More menu selections give you the option to load/save your game, watch the videos you’ve unlocked, to increase or decrease the game’s volume, or to select/deselect songs from the 18 song playlist. The songs all fit the game really well, and if you get tired of one song you can de-checkmark it so it is unplayable. Something I would really like to see though, let’s see if they will release it for the final version, is the ability to put your own songs on the playlist. If they could integrate mp3s you have on your computer, and somehow let them be listened to while you are playing the game that would bring an extra wide smile to the faces of many people. Right now, the songs are getting on the edge of boring. Speaking of sound the sound effects are true to form, well the sound effects that there are. Being a wakeboarding game there really aren’t that many sound effects to speak of other than the splash of the water, the soft hum of the boat, the dull thuds whenever you grind an object or hit an obstruction, and the whip of the board when you pull tricks. So all in all, sound effects land is outstanding. I wouldn’t have it any other way.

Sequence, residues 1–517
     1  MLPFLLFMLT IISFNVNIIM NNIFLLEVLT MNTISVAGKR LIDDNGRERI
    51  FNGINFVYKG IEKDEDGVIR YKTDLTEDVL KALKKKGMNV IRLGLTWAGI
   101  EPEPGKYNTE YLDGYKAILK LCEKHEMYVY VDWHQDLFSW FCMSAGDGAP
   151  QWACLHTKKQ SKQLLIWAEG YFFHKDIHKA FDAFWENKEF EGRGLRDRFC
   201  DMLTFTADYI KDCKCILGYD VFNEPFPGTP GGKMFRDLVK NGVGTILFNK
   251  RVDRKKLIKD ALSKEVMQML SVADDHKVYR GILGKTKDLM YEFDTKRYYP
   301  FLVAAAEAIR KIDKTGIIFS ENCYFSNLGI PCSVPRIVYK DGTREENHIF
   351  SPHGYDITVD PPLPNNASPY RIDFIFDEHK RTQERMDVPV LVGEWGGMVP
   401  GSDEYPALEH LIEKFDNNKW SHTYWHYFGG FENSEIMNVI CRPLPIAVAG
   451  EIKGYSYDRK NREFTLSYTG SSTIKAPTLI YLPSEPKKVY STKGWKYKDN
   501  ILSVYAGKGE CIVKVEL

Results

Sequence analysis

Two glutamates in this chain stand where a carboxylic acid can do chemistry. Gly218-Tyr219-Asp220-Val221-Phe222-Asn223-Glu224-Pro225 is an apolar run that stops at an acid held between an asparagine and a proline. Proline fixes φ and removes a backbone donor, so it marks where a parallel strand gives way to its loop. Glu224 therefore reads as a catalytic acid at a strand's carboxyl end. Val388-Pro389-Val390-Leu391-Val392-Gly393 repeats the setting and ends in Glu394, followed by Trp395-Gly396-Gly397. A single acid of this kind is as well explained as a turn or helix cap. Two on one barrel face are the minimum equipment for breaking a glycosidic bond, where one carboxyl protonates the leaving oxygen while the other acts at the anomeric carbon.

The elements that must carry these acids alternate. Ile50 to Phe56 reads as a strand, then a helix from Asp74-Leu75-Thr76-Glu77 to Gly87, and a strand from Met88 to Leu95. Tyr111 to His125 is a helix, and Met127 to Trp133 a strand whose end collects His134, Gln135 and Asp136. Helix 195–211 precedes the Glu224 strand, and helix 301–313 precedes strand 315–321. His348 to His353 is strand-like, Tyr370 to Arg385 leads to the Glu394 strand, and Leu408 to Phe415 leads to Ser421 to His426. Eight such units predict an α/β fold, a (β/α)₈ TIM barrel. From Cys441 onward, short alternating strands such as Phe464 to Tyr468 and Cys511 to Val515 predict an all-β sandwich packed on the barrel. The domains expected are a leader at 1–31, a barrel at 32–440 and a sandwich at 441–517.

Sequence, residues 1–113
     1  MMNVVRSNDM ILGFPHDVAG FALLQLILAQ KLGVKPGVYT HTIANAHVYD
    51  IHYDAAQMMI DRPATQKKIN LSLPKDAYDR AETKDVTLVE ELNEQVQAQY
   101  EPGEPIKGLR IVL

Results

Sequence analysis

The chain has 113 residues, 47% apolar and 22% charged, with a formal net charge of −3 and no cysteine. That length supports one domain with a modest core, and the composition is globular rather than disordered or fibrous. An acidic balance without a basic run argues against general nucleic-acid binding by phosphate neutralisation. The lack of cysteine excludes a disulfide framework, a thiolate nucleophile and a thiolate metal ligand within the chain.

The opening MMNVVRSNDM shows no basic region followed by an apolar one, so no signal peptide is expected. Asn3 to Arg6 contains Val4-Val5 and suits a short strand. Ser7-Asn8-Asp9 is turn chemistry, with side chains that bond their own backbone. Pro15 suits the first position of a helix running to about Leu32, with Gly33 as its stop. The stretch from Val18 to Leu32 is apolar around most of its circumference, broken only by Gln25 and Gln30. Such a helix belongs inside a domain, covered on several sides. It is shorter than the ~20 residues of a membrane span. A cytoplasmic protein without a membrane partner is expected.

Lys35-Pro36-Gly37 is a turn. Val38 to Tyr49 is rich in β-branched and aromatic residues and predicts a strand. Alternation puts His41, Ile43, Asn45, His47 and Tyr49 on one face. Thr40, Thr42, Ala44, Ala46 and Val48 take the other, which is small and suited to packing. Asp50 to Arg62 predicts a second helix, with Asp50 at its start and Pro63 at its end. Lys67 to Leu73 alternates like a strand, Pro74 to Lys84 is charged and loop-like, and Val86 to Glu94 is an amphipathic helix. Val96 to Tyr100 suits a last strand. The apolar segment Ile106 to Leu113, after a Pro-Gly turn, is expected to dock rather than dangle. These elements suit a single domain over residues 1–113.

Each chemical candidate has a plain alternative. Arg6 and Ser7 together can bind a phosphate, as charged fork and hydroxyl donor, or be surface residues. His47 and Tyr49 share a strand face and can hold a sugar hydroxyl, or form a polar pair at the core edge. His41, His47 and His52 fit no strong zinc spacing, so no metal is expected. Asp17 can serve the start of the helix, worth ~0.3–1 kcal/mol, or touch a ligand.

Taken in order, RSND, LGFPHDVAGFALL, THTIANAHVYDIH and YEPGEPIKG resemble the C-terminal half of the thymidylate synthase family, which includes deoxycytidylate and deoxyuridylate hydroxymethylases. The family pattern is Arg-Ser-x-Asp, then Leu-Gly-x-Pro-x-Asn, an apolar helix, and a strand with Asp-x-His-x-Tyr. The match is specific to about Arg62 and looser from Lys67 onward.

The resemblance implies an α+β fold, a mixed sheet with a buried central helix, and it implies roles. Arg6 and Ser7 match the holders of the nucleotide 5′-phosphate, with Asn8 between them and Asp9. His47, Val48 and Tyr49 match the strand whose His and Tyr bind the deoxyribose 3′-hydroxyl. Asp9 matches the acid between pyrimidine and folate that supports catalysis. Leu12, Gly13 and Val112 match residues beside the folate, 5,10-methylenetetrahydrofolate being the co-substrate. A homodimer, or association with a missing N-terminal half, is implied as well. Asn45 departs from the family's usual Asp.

Over in the section of the gaming world we like to call gameplay, things are peaceful. The controls are quick, responsive, and fully customizable so things are good. An option we must consider is which is better, the keyboard or the gamepad? The keyboard is more precise when pulling tricks but when playing two-players your hands can get kind of cramped using the small space you have allowed yourself to work with for maximum fun, while trying to give your friend enough space on the keyboard to have fun and be comfortable as well. The gamepad and its wire give you and your friend that needed comfort and space, but the directional pad/analog stick isn’t near the precision of the keys on the keyboard. It all goes back to whatever you prefer. The game’s controls remind me a lot of the “Tony Hawk’s Pro Skater” controls, no big surprise consider Activision 02 did both. So if you enjoyed the level of simplicity of controls for “THPS” you will undoubtedly feel at home in the water.